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Al Aqariya TV made a splash when it entered the UAE broadcast market a couple of years ago with the Middle East’s first Arabic real estate channel. Since then, the channel has grown so rapidly that the company felt the need to invest a further US $2 million to expand its TV offerings. Digital Studio reports.

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By  Vijaya Cherian Published  May 2, 2006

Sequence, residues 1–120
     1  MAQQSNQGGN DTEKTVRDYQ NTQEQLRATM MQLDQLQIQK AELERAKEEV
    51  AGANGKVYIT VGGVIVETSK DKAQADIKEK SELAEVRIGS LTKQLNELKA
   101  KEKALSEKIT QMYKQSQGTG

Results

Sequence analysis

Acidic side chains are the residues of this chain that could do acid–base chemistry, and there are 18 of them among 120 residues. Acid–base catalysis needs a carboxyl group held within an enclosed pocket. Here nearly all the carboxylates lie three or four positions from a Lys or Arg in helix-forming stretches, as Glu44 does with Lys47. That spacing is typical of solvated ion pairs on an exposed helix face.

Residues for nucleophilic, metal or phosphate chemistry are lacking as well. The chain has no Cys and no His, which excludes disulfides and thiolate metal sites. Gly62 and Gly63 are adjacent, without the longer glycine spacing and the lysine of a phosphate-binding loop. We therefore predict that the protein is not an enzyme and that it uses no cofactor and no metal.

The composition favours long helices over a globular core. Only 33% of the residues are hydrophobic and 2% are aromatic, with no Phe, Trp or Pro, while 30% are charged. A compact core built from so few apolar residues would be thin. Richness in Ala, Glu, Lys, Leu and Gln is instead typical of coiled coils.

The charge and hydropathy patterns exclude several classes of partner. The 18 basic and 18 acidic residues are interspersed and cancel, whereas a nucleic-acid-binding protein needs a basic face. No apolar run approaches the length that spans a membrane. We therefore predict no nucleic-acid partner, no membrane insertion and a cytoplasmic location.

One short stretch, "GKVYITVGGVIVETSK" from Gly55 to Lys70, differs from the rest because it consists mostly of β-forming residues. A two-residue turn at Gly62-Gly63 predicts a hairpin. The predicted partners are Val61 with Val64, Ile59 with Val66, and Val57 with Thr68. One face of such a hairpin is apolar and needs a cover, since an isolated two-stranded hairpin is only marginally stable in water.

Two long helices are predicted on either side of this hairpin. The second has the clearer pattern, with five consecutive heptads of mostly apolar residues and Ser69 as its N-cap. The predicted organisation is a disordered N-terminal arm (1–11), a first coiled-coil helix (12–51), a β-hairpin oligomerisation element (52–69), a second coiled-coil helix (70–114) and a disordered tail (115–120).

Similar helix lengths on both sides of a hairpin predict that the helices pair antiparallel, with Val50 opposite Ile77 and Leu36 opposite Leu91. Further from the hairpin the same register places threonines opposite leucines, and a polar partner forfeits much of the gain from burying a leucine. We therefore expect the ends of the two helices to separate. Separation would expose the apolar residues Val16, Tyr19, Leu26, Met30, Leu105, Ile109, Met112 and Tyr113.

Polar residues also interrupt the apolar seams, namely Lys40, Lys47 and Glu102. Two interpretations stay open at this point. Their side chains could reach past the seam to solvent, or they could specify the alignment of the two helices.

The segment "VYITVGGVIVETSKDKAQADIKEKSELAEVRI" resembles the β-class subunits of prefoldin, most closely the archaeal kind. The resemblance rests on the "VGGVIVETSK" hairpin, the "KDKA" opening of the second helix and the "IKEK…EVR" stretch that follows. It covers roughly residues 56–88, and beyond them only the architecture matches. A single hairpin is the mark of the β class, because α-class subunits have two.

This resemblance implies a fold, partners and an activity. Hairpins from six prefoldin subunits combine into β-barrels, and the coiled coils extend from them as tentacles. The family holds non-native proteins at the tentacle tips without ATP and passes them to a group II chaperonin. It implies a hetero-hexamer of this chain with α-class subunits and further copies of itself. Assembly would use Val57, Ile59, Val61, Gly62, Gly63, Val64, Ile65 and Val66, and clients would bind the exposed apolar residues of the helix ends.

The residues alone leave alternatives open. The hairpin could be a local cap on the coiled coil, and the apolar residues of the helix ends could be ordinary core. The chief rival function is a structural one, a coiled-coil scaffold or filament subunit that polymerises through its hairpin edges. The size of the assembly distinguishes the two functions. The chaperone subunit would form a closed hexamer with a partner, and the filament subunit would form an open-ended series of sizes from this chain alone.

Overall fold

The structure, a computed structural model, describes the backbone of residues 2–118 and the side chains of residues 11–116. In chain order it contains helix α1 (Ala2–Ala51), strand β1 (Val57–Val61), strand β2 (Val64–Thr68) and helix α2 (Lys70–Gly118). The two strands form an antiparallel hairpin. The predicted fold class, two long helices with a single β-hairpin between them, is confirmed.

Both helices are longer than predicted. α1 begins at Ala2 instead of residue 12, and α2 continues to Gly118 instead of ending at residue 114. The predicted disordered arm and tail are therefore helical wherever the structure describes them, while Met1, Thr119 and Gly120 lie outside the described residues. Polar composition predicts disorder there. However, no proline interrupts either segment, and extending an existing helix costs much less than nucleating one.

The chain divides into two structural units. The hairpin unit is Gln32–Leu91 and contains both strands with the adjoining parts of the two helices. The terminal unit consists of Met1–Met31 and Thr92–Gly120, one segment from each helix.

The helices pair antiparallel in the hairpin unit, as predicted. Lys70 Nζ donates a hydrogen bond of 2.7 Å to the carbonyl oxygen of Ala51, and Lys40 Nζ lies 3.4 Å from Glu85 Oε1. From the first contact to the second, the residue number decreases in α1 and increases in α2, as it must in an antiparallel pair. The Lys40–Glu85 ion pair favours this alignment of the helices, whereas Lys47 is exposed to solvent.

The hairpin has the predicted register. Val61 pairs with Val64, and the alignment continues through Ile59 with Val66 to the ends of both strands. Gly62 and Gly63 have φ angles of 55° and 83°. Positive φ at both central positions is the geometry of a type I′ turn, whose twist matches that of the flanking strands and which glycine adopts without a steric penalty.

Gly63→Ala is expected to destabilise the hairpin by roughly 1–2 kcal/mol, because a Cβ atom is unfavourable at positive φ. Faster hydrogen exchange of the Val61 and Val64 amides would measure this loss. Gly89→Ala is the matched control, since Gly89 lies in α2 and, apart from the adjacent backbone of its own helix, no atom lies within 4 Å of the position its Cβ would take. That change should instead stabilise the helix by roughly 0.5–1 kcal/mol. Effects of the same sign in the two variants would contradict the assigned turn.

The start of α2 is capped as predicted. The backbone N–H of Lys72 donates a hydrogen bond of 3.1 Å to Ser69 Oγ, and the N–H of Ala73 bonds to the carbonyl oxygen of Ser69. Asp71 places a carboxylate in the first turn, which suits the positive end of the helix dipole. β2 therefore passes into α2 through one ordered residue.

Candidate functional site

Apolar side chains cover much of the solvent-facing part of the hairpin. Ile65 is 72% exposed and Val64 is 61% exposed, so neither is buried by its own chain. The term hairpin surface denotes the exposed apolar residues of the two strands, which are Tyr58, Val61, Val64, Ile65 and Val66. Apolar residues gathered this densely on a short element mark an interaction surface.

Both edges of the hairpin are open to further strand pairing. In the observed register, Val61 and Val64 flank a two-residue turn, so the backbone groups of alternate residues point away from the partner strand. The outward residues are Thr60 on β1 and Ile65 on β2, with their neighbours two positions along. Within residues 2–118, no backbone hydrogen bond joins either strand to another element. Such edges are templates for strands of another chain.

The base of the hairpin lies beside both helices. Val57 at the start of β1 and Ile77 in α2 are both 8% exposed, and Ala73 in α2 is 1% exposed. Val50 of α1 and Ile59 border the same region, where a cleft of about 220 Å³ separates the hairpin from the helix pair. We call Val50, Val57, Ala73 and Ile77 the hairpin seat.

I|~|aqa1.jpg|~|Al Aqariya uses Etere’s automation system, Seachange video/audio servers, a master switcher from Probel, Miranda channel ident and Vizrt on-air graphics. |~|Al Aqariya, the only channel that currently provides in-depth information about the real estate industry in the Middle East, has decided to expand from one channel to three within the next month. The expansion to an English channel and a classifieds channel has entailed the addition of a dedicated Transmission Control Room (TCR), Central Apparatus Room (CAR) and a studio with a virtual system at the station’s headquarters in Dubai Media City. The infrastructure has also been put in place for production and digital editing facilities at the premise. The TV station currently has more than 100 people to man its three channels. The initial contract for the TV station, as well as the US $2 million expansion project, have been undertaken by systems integrator Salam Media Cast. “Previously, it was a small installation,” says Ihab El Baba, technical director, Salam Media Cast. “Al Aqariya was using an On-Air video server, which was limited to one channel and a switcher. The On-Air system was used for automation, storage, playout as well as graphics but it was very limited in its capabilities. Al Aqariya couldn’t do anything additional. So when they decided to expand, we changed the entire equipment and replaced them so that it would allow for future expansion and scalability.” As a result, the On-Air system was replaced with a Seachange server that allows for easy and flexible expansion. “We provided more facilities on this server so that they could use the same server for both production as well as playout,” says El Baba. “The current server is a BML from Seachange with the Media Client, Etere automation and Vizrt graphics. They are expanding still further so we are looking to put in place a newsroom system as well for them,” he adds. The expansion project encompasses three main technical areas. These include a TCR, CAR and a two-camera studio. Two of the main systems that are in place in the TCR are the Etere automation playout system and the Seachange transmission video server. The Seachange server comprises three BML nodes with 146 GbX 72 Raid 5 and raid square along with 3 MCL. Other equipment includes a Tx520 master switcher from Probel with the 32X32 embedded router, Sony MPEG IMX (MSW-M2100P) playout/ingest and emergency playout, Miranda channel ident system and an on-air graphics system from Vizrt. All three channels use the Etere automation system and Seachange video/audio servers. With regards to the CAR, all central processing equipment is located within a suite of eight racks. Processing equipment within this area includes SDI embedded infrastructure, the Probel digital video router, the Drake intercom system, Leitch timecode and Trilogy video reference system. The studio is equipped with two of Thomson’s LDK 300 cameras, its Kayak DD2 vision mixer, a BDL prompter, a Yamaha audio mixer and microphones from Shure. As with most projects in the Middle East, one of the biggest challenges has been time, and installing equipment on an unfinished site. “Against very challenging time constraints, the Professional Services division of Salam completed the design, installation, testing and commissioning for this project,” says El Baba. ||**||II|~|aqa2.jpg|~|Al Aqariya’s president, Mohammad Saleh (left) awards the contract to Ihab El Baba (front right) of Salam Media Cast as Khaled Awamleh of the English channel and GM, Mahmoud Al Majali of Al Aqariya look on. |~|“Timing was of essence because Al Aqariya had already publicly announced a launch date. Consequently, Salam needed to closely manage, plan and monitor the project alongside several other construction related work such as building, air-conditioning and electrical work. This was quite a task,’ adds El Baba. Training and on-air support was also phased into the programme to ensure that Al Aqariya’s technical and operational staff would have the necessary skills to make full use of the new facilities. Salam utilised its local technical support group in Dubai to provide much of the training and technical support for the project. “Although we are a smaller TV station than Dubai TV and MBC, we use similar high quality equipment and have highly skilled workers working for us,” says Khaled Awamleh, general manager for Al Aqariya’s English channel. “Our video servers are used in CNN and Dubai TV. Also, we are a 24-hour channel so people work shifts here. Most of the staff we have here come from bigger stations. We have a good mix of workers from Syria, Italy, India, Morocco, Palestine, Jordan and Iraq. You could say this is a mix of Dubai in one small place.” Once the English channel, which Awamleh is heading, is in place, Al Aqariya will be providing business news —an area that was once covered by Channel 33 and has been discontinued since its revamp. “Businessmen like to hear news in their own language,” says Awamleh. “When they are making crucial investment decisions that go into millions, they like to understand the complete nature of the real estate business. It’s therefore important for us to provide this in Arabic for the local population and English for the expatriates. We are also gradually trying to produce news in other important languages such as Russian to cater to the Russian community,” he adds. ||**|||~||~||~|Currently, Al Aqariya produces about 60% of its programming on its own. These channels are aired on Arabsat, Nilesat and Hotbird, which means they don’t just reach the Arab populations in the Middle East but are also targeted at audiences in America, Africa and Europe. “If I have invested in Emaar or Nakheel properties, for instance, I’d be just as keen to know what the new property law that was announced in Dubai means for me, what its implications in the market are and so on. Right now, there is no channel that provides that kind of market insight. We are here to make that possible,” says Awamleh. Although it started small, Al Aqariya now sees immense potential as it claims to be the only real estate channel in the Middle East and hopes to cash in on it while it lasts. It speaks about projects right from the time they are conceptualised. “Some companies approach us from the time they have a concept in mind about a tower and we follow up till the construction, marketing and so on. Some of these projects take upto three years or more but that is the level of our commitment, “ says Mahmoud Al Majali, general manager, Al Aqariya. “When a project is announced, it sets so many business people into motion. There are interior decorators, electrical companies, lighting solutions companies and so on who want to know more about the project so that they can get into it. That, in turn, creates a lot of jobs and it’s a great feeling that we can use a mass medium to communicate this,” says Al Majali. In the last two months, the channel has also encouraged interactivity with its viewers through its classifieds channel. “Now we have a database in Channel 2. In just two months, we have received more than 100,000 SMSs and our prime viewership is from Saudi Arabia,” explains Al Majali. According to Al Majali, the company has only reached about 20% of its vision. The TV station has plans to further expand its broadcast reach in the real estate business. At the same time, Al Majali does not fear competition should a competing channel be launched. “There is a lot of room here for more such channels, and competition is always healthy. It will help us to sharpen our own skills and produce better quality programmes. We also have the advantage of being the first in this business and we are making every attempt to produce high quality programmes.”||**||